Often referred to as the silent killer, ovarian cancer presents with symptoms that can easily be confused with other health problems.
The key to diagnosis is “Persistent, Frequent and New Symptoms”.
7000 women are diagnosed every year in the UK with ovarian cancer but the average GP may see one case of ovarian cancer every five years. Most tumours on the ovaries are not cancerous, but benign. They are not life threatening and can occur for a number of reasons. Only around 1 in 5 ovarian masses found in women still having their periods (menstruating) are cancerous. That figure rises in post menopausal women - those who have gone through the 'change' some time ago. For women in this group it is likely that one in every two tumours will be malignant (cancerous).
Symptoms awareness currently provides the best safety net for women and early diagnosis often leads to the best outcomes. Recent studies show that the majority of women with ovarian cancer, even those with early stage disease, do have symptoms prior to diagnosis. There is increasing evidence that symptoms may be present for a median of 12 months.
Whilst the presentation may be vague, non-specific symptoms, there is accumulating evidence that women with ovarian cancer experience symptoms that are persistent, frequent and new to them.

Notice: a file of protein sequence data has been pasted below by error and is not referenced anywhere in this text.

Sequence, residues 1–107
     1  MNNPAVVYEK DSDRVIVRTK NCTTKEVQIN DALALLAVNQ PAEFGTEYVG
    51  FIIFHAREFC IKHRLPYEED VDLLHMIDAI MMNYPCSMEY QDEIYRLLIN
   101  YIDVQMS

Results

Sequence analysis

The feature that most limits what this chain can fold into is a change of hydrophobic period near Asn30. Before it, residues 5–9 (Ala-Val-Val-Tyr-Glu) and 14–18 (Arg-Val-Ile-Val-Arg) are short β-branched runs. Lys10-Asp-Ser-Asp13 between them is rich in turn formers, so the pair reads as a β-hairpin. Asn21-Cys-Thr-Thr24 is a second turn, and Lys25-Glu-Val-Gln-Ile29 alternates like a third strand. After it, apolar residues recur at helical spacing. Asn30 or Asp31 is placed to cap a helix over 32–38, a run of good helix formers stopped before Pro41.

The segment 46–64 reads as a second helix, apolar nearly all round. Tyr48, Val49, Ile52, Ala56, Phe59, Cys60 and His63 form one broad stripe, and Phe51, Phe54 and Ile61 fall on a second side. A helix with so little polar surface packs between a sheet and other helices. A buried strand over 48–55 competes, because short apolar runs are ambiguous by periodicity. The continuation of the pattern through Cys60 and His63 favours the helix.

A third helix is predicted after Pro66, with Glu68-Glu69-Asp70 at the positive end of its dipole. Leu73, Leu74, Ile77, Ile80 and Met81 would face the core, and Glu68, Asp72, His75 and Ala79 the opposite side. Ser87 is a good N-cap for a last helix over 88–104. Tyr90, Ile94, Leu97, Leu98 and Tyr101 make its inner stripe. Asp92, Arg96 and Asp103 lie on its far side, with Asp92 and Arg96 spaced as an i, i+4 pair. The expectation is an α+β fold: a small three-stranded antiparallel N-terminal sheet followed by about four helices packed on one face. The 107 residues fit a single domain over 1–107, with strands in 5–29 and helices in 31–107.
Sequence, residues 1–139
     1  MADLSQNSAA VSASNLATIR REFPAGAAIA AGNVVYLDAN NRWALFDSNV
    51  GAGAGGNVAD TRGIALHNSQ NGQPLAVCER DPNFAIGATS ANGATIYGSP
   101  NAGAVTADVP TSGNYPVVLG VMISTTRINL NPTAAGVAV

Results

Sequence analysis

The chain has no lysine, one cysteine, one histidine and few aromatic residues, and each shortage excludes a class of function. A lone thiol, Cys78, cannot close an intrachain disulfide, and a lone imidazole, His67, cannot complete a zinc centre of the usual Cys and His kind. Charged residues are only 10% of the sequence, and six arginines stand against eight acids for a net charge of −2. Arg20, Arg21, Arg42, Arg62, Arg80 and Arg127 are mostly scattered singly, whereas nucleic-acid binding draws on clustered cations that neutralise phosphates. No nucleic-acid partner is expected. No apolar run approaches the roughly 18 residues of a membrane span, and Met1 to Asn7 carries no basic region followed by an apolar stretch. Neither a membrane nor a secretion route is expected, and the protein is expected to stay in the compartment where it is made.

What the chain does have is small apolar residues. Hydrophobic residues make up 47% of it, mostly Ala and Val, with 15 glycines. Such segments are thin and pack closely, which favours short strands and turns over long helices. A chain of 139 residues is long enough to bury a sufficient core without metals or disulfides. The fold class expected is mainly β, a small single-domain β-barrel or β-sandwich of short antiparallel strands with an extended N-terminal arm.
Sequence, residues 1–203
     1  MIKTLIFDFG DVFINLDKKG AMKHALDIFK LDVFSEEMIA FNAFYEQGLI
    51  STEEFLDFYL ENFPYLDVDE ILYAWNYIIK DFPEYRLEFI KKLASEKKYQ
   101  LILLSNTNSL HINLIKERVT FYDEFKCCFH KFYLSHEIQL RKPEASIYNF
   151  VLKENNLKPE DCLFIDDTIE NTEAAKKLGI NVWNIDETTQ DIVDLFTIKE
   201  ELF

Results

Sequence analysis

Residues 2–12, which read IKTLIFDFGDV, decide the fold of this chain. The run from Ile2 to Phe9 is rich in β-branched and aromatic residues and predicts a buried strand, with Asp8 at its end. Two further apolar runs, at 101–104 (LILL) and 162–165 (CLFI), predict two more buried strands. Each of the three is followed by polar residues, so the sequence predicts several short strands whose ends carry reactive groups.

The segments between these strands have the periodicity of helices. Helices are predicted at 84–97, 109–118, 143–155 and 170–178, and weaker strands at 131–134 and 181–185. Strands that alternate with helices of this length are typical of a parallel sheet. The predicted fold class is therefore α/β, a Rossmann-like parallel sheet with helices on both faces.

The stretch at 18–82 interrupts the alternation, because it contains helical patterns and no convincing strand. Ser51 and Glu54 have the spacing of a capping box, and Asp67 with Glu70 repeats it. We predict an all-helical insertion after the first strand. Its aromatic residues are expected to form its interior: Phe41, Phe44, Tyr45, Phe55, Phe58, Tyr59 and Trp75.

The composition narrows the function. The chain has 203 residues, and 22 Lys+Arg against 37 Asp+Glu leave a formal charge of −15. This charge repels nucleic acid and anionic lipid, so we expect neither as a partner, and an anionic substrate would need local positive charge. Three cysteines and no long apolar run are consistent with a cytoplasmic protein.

What are the symptoms?:
Stomach and, or pelvic pain
Persistent bloating (no relief from the bloating feeling)
Difficulty eating or feeling full quickly
Other symptoms may include:
Excessive tiredness and back pain
Urgency to pass urine
Change in bowel habits
Remember ovarian cancer primary affects women over the age of 40, but it is important that women of all ages are aware of the disease and its symptoms. The symptoms occur for many reasons and your healthcare professional is unlikely to want to send you for unnecessary tests. But if the symptoms continue, occur on most days or started for no apparent reason, make sure ovarian cancer is considered.
The sooner ovarian cancer is diagnosed, the easier it is to treat. Survival can be 70% for women diagnosed with early stage ovarian cancer. That means that seven out of ten women will survive for five or more years.
If you are having symptoms more than 12 times a month your Healthcare Professional should do a CA125 blood test.